The Auditorium is located in the Main Building of the University of Graz, which was erected in 1895 by the Viennese architect Karl Stattler. Housing up to 600 guests, the Auditorium is the largest room in the university. It is a place of gathering, but also a venue for graduation ceremonies, academic ceremonies of honour, concerts and various other events. The Auditorium, with a length of 25m, a width of nearly 14m and a height of 12m emanates an atmosphere of late historicism, whilst at the same time the elegant golden-white colours of the walls herold the fin de siècle-style.
The South-Eastern end of the room is dominated by a marble statue of the Emperor Franz Joseph I, which was created by Hans Brandstetter on the occasion of the ceremonial opening of the Main Building in 1895. In 1930, the cartouche above it with the Habsburg coat-of-arms was removed and the paintings – not frescos! – were attached to both front sides. To the right, a plaque commemorates the laying of the cap stone on 4 June 1895 by Emperor Franz Joseph I. With this ceremony, the new campus that had emerged in the Geidorf district since the 1870s was officially opened.
“The Human Pursuit of Perfection” is the name of the work done by the historical and theatre painter Alexander Demetrius Goltz (1857-1944). In 1907, Goltz was commissioned with the painting, which he completed in about three years. However, an art committee criticized his work. They described his figures as being “without body”, and that they “were wearing clothes, but didn’t have any flesh and bones and apart from that, they were badly drawn and of bad taste”. Time passed and the criticism became even harsher. In 1912, the work was attacked as being “unartistic trash”. Goltz’s designs were shelved.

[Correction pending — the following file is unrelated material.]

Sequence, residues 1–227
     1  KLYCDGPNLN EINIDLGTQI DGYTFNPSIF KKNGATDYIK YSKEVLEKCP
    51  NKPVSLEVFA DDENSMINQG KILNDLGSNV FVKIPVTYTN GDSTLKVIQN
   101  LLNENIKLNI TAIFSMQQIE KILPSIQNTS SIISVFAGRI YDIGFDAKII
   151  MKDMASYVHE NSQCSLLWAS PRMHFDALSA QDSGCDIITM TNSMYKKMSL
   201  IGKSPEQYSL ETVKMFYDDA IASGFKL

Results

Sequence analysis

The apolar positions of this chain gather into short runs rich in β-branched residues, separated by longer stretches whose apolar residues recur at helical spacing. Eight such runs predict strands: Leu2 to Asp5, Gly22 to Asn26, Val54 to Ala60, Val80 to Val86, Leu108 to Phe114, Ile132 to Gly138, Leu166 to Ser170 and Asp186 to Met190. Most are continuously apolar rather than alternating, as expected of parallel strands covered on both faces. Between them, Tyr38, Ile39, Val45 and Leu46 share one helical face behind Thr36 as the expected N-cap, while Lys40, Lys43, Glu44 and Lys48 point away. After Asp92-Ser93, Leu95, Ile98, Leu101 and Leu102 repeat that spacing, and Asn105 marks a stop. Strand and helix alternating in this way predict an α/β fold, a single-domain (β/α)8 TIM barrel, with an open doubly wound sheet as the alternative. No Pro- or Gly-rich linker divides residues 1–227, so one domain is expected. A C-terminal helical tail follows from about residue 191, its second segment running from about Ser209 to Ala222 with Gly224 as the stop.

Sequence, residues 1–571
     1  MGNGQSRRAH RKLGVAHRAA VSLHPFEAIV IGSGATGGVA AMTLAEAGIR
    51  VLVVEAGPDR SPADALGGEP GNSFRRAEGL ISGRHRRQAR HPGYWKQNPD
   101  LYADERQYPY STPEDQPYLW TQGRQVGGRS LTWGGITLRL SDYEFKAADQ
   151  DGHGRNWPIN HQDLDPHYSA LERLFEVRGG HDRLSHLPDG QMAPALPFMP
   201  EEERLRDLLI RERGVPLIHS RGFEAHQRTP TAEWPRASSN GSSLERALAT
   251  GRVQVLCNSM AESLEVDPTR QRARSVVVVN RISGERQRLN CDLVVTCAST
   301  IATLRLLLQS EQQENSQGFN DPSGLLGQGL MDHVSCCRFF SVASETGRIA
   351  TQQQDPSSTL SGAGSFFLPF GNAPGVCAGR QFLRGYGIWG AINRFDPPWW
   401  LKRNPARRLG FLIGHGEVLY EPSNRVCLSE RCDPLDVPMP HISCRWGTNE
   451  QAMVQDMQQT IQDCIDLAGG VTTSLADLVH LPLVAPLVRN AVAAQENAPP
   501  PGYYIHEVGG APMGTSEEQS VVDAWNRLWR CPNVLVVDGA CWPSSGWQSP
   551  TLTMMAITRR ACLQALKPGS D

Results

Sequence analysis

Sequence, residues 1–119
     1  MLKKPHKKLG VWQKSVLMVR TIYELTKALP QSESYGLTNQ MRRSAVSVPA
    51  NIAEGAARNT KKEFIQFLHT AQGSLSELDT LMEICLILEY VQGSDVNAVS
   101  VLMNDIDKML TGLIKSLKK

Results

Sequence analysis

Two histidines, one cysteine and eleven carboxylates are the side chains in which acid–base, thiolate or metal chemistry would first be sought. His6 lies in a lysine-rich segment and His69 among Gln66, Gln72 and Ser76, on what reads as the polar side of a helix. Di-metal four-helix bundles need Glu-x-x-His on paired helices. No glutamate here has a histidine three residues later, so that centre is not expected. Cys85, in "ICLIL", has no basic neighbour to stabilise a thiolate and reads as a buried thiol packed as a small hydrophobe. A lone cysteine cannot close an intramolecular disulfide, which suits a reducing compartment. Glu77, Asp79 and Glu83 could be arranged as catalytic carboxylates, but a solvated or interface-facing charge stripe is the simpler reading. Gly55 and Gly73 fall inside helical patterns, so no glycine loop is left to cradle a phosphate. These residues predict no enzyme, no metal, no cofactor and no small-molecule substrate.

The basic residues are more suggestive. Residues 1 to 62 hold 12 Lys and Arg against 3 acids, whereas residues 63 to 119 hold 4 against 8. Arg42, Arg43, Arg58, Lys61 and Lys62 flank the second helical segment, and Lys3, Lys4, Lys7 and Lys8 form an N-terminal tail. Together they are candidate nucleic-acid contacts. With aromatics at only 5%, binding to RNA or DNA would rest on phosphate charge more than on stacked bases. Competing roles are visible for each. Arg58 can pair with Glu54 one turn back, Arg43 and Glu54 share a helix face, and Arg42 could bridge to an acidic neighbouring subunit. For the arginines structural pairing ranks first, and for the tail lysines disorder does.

Finally, in 1924, the Styrian artist Daniel Pauluzzi presented the Ministry with proposals for painting the Great Hall. Unfortunately, there was no money available for completing the work. In 1930, the 73- year-old artist Goltz was asked to complete his paintings. Since 1999, the designs, which had been drafted as chalk drawings in six episodes, are exhibited on the northern wall of the Auditorium under the arcades.